Endless Wordplay

LQ: 9.45


Brain grade: 9.5
Fun score: 9.4

Platform/Console: , , LWK Recommended Age: 4+ Thinking Skills Used: , Academic Skills Used: ,


Endless Wordplay is an early reading and rhyming app for children ages 4 and up. The child opens the app and clicks on a spot on a map to guide a robot along on a journey.  The child will then see a word that will quickly become dismantled by the robot’s sneezing or coughing. The child puts the word back together by touching the letters with their finger and dragging it onto the outline of each letter. By touching the letter, the child is able to hear its pronunciation said out loud.

After completing this puzzle, the child is given two more words to put together that rhyme with the original word. Once again, the letters will be said out loud as the child touches them. When the child has solved the word puzzle, the letters will be read aloud again and the word itself will be repeated. They will then get a short and cute animation and hear a sentence using the words as well.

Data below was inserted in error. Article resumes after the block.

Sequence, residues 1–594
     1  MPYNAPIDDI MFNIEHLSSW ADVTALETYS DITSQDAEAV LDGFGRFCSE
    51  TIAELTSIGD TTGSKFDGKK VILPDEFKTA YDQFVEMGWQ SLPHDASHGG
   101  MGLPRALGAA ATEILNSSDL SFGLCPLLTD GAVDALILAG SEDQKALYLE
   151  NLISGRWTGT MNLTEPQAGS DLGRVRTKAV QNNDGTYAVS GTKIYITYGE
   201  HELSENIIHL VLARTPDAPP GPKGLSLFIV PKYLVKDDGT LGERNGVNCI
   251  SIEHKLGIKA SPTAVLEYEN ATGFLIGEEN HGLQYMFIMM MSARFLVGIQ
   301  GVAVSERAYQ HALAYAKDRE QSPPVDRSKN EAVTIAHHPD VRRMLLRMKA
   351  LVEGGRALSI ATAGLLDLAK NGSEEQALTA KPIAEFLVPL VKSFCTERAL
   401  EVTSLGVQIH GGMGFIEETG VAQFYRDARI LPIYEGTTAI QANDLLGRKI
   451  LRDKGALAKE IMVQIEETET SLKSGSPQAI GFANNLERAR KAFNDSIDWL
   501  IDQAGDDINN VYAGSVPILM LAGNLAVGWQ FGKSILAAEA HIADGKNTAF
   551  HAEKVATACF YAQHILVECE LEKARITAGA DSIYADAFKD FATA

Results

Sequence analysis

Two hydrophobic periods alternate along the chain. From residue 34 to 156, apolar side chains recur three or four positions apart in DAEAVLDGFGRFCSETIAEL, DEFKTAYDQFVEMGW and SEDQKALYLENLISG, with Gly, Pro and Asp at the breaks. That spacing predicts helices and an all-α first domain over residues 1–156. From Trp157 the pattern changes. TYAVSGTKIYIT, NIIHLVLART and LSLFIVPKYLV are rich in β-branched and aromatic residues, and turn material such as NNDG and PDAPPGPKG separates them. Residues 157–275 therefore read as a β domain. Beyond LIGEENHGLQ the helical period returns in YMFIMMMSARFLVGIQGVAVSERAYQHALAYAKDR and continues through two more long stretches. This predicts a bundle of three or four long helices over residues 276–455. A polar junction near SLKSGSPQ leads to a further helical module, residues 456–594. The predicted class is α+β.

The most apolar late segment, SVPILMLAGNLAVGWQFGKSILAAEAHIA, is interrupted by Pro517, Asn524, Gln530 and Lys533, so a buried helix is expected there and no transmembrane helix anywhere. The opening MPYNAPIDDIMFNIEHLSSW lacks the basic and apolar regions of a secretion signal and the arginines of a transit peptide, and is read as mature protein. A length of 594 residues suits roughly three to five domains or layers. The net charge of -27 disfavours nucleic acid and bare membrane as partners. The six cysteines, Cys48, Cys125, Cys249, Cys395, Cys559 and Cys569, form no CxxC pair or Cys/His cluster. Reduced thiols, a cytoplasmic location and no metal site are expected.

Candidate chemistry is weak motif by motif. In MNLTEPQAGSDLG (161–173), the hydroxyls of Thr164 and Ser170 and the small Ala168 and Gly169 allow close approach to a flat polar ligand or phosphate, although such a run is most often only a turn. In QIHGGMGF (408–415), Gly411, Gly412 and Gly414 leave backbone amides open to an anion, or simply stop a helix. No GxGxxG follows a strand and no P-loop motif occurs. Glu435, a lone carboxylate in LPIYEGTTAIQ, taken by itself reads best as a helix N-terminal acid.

Endless Wordplay offers users to try the three areas on the map for free but requires a purchase to unlock the rest of the app’s content. It is available now on Android and iOS. 


Endless Wordplay  helps kids practice and improve the following skills:

Focus: Getting started and then maintaining attention and effort to tasks.

Each activity in the Endless Wordplay app is helping your child build up their focusing skills. The dragging and dropping of letters to form a word or the rhyming of three different words requires their attention for a short, sustained period of time. As the child selects different areas of the map, they will be asked to focus for different lengths of time depending on the difficulty of the words. Endless Wordplay provides the scaffolding needed to help your child work towards focusing for longer periods of time. 

Working Memory: Recalling and retaining information in our minds while working.

Recalling the pronunciation of letters and the spelling of words while trying to drag and drop individual letters requires our working memory skills. Young children are practicing their working memory when they drag and drop letters to form words and rhyming lists and hear the letter pronunciation as they go along. When they are forming words by dragging and dropping letters, they are also hearing the pronunciation of the letter while seeing it, building up their working memory for recognizing and using them in future word creation. 

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